Benaras – The Funny Sadhus

“Myself Pradeep Sharma, no wife, no children, no mummy, no papa…”, he effusively stated while extending his hand for a quick handshake. “Chaye pee ke jaiye”, he continued “humari taraf se”, pointing towards the tea shop right behind him. (Have a cup of tea, it’s on me). I politely refused, while my sisters giggled right behind me.

This was one of the many sadhus we came across in the ghats of Benaras. The sadhus were of all kinds – some in their own world, some wandering aimlessly, some looking to earn a quick buck, some asking for alms, some irritated and upset, some busy performing pujas and yagnas.

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I will narrate two funny encounters.

The Jovial Sadhu

We were passing by Darbhanga Ghat towards Dashashwamedh Ghat when we noticed this man talking to a family of 4-5 people. It appeared like they were seeking a solution to some problem and our man was happily obliging. We paused a few meters away watching him. The ash-smeared skin, the disheveled looks, the unkempt beard, the red dhoti, presented us with the perfect photo opportunity.  By now, we had learnt that if you approach any such person for a photo either they outright refuse to oblige or ask for money in lieu of a photo. But this time it turned out to be different.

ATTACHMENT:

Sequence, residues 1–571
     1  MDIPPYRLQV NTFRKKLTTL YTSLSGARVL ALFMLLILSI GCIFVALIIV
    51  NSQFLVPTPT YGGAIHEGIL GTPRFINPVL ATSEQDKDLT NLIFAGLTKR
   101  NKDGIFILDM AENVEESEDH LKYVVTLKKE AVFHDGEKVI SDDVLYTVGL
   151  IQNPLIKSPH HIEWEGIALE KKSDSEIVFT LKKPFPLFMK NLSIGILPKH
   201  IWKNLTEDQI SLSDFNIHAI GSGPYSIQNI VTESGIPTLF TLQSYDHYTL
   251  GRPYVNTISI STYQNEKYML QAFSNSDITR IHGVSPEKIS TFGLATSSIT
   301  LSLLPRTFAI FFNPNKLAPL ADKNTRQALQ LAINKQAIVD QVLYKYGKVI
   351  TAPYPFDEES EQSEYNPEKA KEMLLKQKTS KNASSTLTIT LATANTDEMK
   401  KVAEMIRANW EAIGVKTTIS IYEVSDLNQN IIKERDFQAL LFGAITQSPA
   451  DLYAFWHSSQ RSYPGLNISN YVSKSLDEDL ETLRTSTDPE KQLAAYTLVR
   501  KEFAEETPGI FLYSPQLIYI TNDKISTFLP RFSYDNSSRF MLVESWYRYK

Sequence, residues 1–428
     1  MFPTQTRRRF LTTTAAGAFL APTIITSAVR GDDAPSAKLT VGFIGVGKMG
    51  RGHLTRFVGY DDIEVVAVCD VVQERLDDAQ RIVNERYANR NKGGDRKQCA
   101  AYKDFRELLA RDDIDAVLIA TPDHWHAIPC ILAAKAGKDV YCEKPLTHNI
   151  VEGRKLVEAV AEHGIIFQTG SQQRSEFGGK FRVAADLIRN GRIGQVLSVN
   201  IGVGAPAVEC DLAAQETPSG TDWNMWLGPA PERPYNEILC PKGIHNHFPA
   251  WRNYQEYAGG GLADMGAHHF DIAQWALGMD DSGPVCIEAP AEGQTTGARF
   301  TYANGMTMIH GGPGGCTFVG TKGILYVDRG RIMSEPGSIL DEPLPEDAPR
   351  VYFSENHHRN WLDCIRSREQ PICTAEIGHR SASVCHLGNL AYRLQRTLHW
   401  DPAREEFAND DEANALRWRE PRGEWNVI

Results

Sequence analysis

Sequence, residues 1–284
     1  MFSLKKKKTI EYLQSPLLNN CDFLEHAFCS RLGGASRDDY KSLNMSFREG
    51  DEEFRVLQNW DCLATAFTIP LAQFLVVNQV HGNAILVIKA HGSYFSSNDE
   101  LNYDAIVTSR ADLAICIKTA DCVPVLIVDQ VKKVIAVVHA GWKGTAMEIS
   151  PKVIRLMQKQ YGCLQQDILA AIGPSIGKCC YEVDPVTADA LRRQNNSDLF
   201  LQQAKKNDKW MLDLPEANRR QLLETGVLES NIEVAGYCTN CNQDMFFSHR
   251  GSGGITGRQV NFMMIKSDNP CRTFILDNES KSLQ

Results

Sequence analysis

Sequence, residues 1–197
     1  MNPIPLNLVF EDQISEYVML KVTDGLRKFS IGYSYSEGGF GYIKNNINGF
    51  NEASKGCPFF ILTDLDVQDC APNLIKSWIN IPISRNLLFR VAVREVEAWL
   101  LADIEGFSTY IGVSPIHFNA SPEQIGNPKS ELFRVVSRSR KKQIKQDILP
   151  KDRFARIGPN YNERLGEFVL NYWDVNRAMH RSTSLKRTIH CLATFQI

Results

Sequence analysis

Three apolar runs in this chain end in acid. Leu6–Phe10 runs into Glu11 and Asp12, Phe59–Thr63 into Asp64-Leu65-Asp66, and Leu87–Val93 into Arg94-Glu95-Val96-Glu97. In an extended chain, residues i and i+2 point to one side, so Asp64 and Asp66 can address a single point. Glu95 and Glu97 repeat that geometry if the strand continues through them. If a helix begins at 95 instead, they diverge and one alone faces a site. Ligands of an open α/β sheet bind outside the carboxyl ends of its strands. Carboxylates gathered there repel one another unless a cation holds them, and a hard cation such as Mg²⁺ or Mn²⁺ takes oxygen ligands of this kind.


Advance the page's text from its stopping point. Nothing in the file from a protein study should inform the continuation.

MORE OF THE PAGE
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The man called us and said that we could freely click pictures of him if we wanted, he wouldn’t mind, and that he doesn’t want money in return. Having seen tourists in plenty, he had guessed our intention.  After the family left, he posed for us in various ways. His enthusiasm was hilariously enjoyable.

The next day, we happened to pass by the same area when we saw someone smiling at us. It took us a while to recognize our jovial sadhu as he was wearing a woollen cap and a sweater. Though we said nothing this time, he offered to pose with us. We were busily headed somewhere but he insisted and wouldn’t take no for an answer. We just had to agree to his enthusiasm. In return, he took off his cap and sweater in the cold winter morning and posed in many different ways making sure all three of us had separate pictures with him. It didn’t matter whether we wanted a picture or not.

Happy with his earnest enthusiasm, we offered him a fifty rupee note, which he readily accepted.

The Santa Clause Sadhu

We were standing at the turning of a narrow alley waiting for the doors of a nearby temple to open for the evening. That was when I noticed a plump pot-bellied man with a flowing white beard and a red/orange robe walking towards us through the alley, which was empty until now. I alerted my sister, who was creating a photo series on sadhus. My sister jumped into action forgetting to be discreet.